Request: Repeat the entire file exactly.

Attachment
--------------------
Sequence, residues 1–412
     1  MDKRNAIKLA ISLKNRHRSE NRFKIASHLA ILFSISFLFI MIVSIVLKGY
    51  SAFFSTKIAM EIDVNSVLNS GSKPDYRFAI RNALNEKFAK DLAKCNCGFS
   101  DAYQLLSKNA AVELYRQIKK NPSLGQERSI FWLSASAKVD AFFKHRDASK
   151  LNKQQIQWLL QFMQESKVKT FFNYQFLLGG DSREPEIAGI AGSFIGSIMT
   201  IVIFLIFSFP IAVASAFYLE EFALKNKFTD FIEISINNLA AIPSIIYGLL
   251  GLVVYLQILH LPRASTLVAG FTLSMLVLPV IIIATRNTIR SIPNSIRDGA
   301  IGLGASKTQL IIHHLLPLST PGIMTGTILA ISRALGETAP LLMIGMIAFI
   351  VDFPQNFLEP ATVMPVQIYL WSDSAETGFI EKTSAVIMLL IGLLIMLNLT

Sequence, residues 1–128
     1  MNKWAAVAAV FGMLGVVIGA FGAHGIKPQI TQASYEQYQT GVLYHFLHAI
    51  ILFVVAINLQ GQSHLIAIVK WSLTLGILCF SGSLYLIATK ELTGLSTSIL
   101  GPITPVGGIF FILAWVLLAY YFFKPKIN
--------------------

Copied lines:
Sequence, residues 1–412
     1  MDKRNAIKLA ISLKNRHRSE NRFKIASHLA ILFSISFLFI MIVSIVLKGY
    51  SAFFSTKIAM EIDVNSVLNS GSKPDYRFAI RNALNEKFAK DLAKCNCGFS
   101  DAYQLLSKNA AVELYRQIKK NPSLGQERSI FWLSASAKVD AFFKHRDASK
   151  LNKQQIQWLL QFMQESKVKT FFNYQFLLGG DSREPEIAGI AGSFIGSIMT
   201  IVIFLIFSFP IAVASAFYLE EFALKNKFTD FIEISINNLA AIPSIIYGLL
   251  GLVVYLQILH LPRASTLVAG FTLSMLVLPV IIIATRNTIR SIPNSIRDGA
   301  IGLGASKTQL IIHHLLPLST PGIMTGTILA ISRALGETAP LLMIGMIAFI
   351  VDFPQNFLEP ATVMPVQIYL WSDSAETGFI EKTSAVIMLL IGLLIMLNLT

Sequence, residues 1–128
     1  MNKWAAVAAV FGMLGVVIGA FGAHGIKPQI TQASYEQYQT GVLYHFLHAI
    51  ILFVVAINLQ GQSHLIAIVK WSLTLGILCF SGSLYLIATK ELTGLSTSIL
   101  GPITPVGGIF FILAWVLLAY YFFKPKIN